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Anti-discrimination law 'a huge victory for Tunisia' Open in fullscreen

Massinissa Benlakehal

Anti-discrimination law 'a huge victory for Tunisia'

Sub-Saharan Africans face disrimination, particularly in northern Tunisia [Getty]

Date of publication: 24 October, 2018

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Offenders are eligible for prison time, marking a huge victory for rights campaigners, writes Massinissa Benlakehal.

It is an initial success for the civil society organisations, 172 years after becoming the first Arab or Muslim country to abolish slavery. For rights campaigners, it is a huge victory. 

For the first time in the country's history, it's now possible to prohibit and punish a wide range of discriminatory acts. 

Saadia Mosbah is one of those who strongly lobbied for the new legislation alongside other activists and NGO workers. She comes from the southern city of Gabes, and runs an association named M'nemti. 

"We have been calling for such a law since 2012," she tells The New Arab. "For the government, the issue wasn't previously a priority."

The North African government, instead placed an emphasis on what it deemed persistent and larger economic and political issues, as well as security-related concerns. 

This new law comes as a result of a lengthy lobbying campaign led by several civil society groups, kicking off after headlines were made when a group of minority students from southern Tunisia were targeted.

Racial discrimination will now be defined in Tunisia as "any distinction, exclusion, restriction or preference based on race, colour, ancestry" or other discrimination that leads to "disturbances, an obstruction or privation". 

It allows prison sentences of up to three years for convictions and fines equivalent to between $345 and $1,152.

Early this year, the Tunisian ministerial council approved the draft law against racial discrimination. This was seen as a first for the North African country enmeshed in a process of democratisation since the 2011 revolution.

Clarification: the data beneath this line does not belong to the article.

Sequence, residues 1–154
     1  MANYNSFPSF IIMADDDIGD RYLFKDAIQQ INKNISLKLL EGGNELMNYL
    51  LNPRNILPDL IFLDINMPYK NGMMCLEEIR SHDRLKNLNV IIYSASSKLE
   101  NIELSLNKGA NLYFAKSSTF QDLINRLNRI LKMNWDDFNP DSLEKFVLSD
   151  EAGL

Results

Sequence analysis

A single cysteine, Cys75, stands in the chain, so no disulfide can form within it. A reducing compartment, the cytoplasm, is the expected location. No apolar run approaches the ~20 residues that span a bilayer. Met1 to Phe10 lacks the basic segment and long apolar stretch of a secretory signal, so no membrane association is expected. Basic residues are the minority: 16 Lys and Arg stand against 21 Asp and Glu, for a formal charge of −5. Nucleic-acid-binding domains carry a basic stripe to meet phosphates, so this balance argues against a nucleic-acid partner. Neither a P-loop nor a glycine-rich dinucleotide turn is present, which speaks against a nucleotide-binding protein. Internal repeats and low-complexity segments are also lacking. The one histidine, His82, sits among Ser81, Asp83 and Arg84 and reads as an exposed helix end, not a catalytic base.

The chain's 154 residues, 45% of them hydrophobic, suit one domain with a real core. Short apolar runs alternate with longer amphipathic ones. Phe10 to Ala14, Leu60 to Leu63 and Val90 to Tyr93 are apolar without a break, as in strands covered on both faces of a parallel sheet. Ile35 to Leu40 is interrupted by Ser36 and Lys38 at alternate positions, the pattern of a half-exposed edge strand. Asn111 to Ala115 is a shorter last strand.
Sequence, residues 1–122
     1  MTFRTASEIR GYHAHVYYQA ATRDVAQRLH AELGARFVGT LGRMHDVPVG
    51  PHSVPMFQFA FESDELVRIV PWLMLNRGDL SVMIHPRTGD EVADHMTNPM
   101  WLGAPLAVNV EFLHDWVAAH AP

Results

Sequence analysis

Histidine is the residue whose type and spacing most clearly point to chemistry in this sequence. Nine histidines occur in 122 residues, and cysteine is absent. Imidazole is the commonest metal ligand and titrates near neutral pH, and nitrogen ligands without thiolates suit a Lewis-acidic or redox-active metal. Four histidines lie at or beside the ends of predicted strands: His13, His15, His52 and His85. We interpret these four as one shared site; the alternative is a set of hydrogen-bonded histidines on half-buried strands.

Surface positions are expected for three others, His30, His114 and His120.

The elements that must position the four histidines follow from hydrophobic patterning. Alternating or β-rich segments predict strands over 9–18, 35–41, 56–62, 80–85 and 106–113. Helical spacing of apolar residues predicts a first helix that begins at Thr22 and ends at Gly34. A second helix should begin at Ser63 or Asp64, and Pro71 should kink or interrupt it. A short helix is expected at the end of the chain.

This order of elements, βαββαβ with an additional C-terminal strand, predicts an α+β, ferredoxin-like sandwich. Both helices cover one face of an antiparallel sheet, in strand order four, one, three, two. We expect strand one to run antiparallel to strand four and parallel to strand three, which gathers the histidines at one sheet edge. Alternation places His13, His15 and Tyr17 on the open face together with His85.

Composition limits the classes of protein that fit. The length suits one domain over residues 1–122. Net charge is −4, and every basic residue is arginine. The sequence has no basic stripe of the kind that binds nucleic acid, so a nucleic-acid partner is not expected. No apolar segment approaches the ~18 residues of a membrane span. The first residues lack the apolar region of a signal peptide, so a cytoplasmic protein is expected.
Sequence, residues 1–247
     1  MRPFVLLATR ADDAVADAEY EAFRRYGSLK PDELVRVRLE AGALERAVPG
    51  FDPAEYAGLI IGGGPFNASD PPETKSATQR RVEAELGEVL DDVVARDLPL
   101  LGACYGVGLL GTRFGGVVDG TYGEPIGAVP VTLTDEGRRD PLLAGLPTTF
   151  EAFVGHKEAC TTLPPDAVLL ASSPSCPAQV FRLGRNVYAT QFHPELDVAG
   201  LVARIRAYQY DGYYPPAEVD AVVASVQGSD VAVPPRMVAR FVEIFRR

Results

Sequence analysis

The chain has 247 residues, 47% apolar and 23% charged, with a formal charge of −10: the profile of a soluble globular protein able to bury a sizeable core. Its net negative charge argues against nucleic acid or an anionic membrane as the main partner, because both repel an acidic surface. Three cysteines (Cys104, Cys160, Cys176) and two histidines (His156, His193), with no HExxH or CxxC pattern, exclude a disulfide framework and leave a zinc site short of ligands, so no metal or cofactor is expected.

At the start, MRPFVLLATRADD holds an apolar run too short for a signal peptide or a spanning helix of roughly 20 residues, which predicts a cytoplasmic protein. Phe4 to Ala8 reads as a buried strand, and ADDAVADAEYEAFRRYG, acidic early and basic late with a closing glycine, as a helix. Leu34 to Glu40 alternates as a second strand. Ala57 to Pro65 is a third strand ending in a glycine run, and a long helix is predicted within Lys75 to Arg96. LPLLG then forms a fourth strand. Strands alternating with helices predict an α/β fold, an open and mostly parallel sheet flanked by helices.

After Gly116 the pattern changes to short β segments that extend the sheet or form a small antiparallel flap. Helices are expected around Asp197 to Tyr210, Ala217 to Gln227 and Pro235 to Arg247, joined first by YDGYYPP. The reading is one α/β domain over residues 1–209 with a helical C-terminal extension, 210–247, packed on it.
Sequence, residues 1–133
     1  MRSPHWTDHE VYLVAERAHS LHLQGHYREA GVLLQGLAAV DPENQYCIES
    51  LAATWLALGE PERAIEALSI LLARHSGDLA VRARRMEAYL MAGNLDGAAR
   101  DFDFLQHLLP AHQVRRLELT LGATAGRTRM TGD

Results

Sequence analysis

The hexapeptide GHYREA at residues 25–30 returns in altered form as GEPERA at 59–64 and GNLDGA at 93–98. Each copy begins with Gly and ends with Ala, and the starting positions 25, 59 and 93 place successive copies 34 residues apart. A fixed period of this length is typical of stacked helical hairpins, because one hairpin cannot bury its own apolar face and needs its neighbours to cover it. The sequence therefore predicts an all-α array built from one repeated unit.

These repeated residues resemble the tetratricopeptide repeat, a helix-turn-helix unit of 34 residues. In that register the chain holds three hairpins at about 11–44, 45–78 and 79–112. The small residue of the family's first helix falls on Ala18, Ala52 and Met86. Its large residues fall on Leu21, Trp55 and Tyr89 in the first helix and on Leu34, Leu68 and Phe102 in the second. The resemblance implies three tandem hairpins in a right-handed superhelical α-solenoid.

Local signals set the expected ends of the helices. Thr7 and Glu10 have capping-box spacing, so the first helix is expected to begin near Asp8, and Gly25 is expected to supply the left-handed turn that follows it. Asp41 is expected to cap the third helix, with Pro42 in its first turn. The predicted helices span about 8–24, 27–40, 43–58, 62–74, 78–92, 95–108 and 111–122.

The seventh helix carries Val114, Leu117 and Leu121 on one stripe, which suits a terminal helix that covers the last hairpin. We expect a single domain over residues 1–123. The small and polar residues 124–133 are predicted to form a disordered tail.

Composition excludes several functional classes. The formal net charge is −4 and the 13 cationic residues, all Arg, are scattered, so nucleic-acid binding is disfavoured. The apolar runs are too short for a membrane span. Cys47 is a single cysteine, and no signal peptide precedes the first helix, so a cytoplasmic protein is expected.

The Tunisian Forum for Economic and Social Rights, EuroMed Rights and the Committee for the Respect of Liberties and Human Rights in Tunisia, also lobbied for the new legislation.

In a joint statement released online, the three organisations say they "welcome the adoption of this law and pledge to continue their struggle, with all civil society's forces involved, to eliminate all forms of discrimination and promote a culture of equality among all".

They also called on the authorities "to speed up the promulgation of orders and to provide victims of racist attacks with support and legal assistance".

On the political side, it's not without benefits for the current government - despite various disputes between the ruling party and the prime minister's supporters.

In fact, the Tunisian government sees the law as the actualisation of a promise made by Prime Minister Youssef Chahed on December 26, 2016. The day has been designated the National Day Against Racial Discrimination.

Messaoud Romdhani, of Tunisia's Forum for Economic and Social Rights, said sub-Saharan Africans living in Tunisia - including many students and workers - have endured daily discrimination in the form of verbal and physical aggression.

"The vote of this law is a response to the expectations of the Tunisian civil society," Romdhani explains. "It's a major step forward, which requires a lot of additional work to achieve it."

Migrants from sub-Saharan countries and Tunisian nationals from southern areas are most likely to suffer racial discrimination in Tunisia, particularly in big cities.

"It is not something that will change overnight," said Romdhani. "It's not only to incriminate racist acts, but to remove the idea of discrimination in the Tunisian mind, try to root this African horizon inside us, it's all work to do."

On the southern island of Djerba, for example, a popular tourist destination and the home of the Jewish community in Tunisia, many residents continue calling sub-Saharan Africans by the name "Atig" - the Arabic word for "freed slave".

Criminalisation is not enough, there is still a lot to do, Romdhani argues. It is a process of education, he adds: "It's the legacy of a whole history in Tunisia and we believe in the success of this process.

"We must remain vigilant and continue our outreach work and continue to work with people in government and civil society."

Much important work needs to be done within the family.

"It is a very important thing to do, and I am optimistic while remaining attentive to the future and how it would unfold - because we are still, unfortunately, a society that has prejudices against people of other races and colours."

Now the law has been adopted, central and local governments will have to delineate public policies on racial discrimination and also work on raising awareness.

It is also expected that a commission will be created, and tasked with proposing strategies and actions to be implemented at the local and national levels.


Massinissa Benlakehal is a freelance journalist, covering politics, society, human rights and security related issues in North Africa.

Follow him on Twitter: @mbenlakehal

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